SHORE THING: Eastville Inn Fails Again

Eastville Inn’s bumpy ride in recent years reflects the difficulty of making a living from running a restaurant on the Eastern Shore.

Wave Columnist

April 27, 2015

A little shy of two years ago, Eastville resident and Wave student journalist Sarah Gollibart wrote an article entitled “Eastville Inn Rises Again.” It went on to become one of the Wave’s most-read stories of the year, so I know that a lot of folks are interested in the Eastville Inn.

But after the Inn shut down again on March 24, I started wondering, just what does it take to run a successful restaurant on the lower Eastern Shore? If the Eastville Inn can’t make it, who can – and how?

The Eastville Inn is a good case study because on paper at least it has so much going for it. Start with a historic building (c.1724) in a quaint town. Add proximity to the courthouse and county seat government center. Top it off with a talented chef/owner (Brent Schmidt) who bent over backward to make his venture special and inviting.

So what went wrong? The quick response might be that Chef Schmidt’s nouvelle cuisine wasn’t the local clientele’s cup of tea – either in taste (light), portion (small), or price (high).

But wait a minute – those were some of the same causes attributed to the Eastville Inn’s failure two iterations earlier.  Following that shutdown, a local team converted the Inn’s format to kind of an upscale Exmore Diner. But that didn’t work either – the former clientele didn’t like it, and the hoped-for new customers stayed at Yuk’s.

So I’m thinking that the Eastville Inn’s woes are not of its own doing but rather reflective of the whole lower Shore. This is a tough market! Follow me up Route 13 and see what I mean.


Let’s start with the Bridge-Tunnel restaurant: You can’t beat the view, there’s no competition within miles, but year-‘round operation has traditionally been a struggle, and I recall that it shut down for a while a few years ago. Sunset Grille is in the same boat, enjoying a good but too-short summer season and that’s all.

Moving up the road, how about Sting-Ray’s? They get lots of business, both locals and tourists, but even there, I understand, there are months when it’s tough to meet the payroll.

OK, on to Cape Charles: We already know that the premier restaurant, Aqua, failed, and now, after two years under new ownership, it’s been rebranded as the Oyster Farm. That tells you that even Aqua wasn’t making it, so they’re trying something new.

But what about the Shanty, you say – it’s going great guns, and has even expanded. Well, yes, but the Town of Cape Charles gave the Shanty a sweetheart deal that no competitor enjoys. The town owns the land and provides all the parking, and the Shanty pays a percentage of its income as rent. During the off season when business is slow, the Shanty simply shuts down and saves a bundle. Meanwhile, everyone else (Kelly’s comes to mind) has to pay all their fixed expenses through the long, hard winter.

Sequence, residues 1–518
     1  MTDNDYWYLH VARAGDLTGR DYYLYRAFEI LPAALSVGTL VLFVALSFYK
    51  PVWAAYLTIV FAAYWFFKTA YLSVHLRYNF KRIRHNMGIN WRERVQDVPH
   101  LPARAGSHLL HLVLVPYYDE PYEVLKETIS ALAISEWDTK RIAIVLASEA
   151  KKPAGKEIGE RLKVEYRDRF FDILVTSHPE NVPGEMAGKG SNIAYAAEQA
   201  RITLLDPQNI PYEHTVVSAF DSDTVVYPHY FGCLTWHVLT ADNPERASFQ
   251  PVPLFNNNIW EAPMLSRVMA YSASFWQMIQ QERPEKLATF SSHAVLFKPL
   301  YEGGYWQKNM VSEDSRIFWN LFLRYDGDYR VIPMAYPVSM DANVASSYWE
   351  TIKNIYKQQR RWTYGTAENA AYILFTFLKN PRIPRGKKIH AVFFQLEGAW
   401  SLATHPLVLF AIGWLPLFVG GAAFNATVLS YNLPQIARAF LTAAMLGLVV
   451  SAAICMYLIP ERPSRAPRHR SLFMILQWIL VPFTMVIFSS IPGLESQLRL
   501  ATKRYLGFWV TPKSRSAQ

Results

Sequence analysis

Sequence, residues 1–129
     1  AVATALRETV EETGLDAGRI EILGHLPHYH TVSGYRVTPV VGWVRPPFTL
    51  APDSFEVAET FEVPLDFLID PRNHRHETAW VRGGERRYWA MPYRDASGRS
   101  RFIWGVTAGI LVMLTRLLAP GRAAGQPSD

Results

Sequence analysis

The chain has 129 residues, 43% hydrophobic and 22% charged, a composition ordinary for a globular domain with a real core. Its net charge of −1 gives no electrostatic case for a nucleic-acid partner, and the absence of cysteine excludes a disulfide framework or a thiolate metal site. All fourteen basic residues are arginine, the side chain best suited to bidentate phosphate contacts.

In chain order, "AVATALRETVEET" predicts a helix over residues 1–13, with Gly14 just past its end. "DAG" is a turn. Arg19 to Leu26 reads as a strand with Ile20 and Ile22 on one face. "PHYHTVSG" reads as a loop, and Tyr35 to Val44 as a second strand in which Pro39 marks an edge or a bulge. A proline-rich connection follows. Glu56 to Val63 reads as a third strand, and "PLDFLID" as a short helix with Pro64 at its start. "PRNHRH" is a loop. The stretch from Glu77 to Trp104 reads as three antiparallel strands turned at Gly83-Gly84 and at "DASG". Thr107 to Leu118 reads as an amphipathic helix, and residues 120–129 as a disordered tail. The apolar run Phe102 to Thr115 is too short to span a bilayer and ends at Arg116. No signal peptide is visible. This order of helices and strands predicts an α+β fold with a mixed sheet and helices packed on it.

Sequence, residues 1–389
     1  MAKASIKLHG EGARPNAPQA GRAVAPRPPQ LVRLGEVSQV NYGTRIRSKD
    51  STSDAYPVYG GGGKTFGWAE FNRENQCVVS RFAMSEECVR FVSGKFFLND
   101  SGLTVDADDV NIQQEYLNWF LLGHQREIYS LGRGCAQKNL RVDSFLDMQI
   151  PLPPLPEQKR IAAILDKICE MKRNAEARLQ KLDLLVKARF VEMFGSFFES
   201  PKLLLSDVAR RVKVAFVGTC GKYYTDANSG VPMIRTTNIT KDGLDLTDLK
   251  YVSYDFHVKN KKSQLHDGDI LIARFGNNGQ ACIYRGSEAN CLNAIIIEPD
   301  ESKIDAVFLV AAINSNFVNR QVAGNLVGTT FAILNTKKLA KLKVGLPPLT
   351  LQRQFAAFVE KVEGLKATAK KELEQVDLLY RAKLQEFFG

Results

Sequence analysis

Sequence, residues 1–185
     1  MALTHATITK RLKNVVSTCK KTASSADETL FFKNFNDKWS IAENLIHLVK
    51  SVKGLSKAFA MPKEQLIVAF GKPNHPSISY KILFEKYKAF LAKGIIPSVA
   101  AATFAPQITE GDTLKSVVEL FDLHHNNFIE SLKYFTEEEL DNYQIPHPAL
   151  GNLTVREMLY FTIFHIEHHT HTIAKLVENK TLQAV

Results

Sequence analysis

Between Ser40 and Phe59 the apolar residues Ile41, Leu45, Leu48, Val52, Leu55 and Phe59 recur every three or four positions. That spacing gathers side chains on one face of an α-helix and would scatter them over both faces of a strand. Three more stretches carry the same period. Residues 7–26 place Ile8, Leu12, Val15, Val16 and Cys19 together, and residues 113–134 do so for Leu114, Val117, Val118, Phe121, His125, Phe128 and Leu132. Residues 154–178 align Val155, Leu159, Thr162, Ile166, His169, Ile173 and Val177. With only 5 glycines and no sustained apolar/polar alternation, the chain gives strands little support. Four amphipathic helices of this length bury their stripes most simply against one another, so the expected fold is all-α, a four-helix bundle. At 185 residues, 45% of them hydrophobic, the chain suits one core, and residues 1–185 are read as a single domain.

Rayfield’s is another exception. Although I haven’t seen their books, anyone would assume that their lunch counter makes money. But it has the great advantage of low overhead since the pharmacy operation pays for the building and the light bill.

The Coach House probably does OK as well, assuming the Bay Creek ownership doesn’t require it to support the cost of the building.

Failed in-town restaurants include the Old Firehouse and Harbor Grille, both of which tried to operate year-‘round. A more successful business model seems to be Brown Dog Ice Cream, which is a warm-weather-only operation. And it doesn’t hurt to have an owner who doesn’t depend on her business to support her. That goes as well for the former Kings Creek Inn, which I suspect was operated more as a hobby than a money-maker.

Tim Brown deserves recognition for turning his “Hook U Up” pizza joint into an upscale bistro that often fills the small seating space available. Credit hard work, a tenacious spirit, love of cooking, and a willingness to operate on a shoestring. Some of those same qualities apply to Top China.

Considering what a tough market we have, the biggest surprise is that several new operators are ready to jump in and sink or swim. In town, owner Beth Walker plans a small restaurant as part of the renovated Northampton Hotel at 1 Mason Avenue. Up the street, Mason Avenue Cafe claims to be opening “Spring 2015″ in Hotel Cape Charles. Outside of town, Eyre Baldwin has won approval for a small raw bar/grill at his restored Harvey Building in Oyster, and he’s made noises about opening a similar bistro adjacent to the Cape Charles Yacht Center. And something’s cooking down at Kiptopeke — again on a very small scale.




11 Responses to “SHORE THING: Eastville Inn Fails Again”

  1. Andy Zahn on April 27th, 2015 9:22 am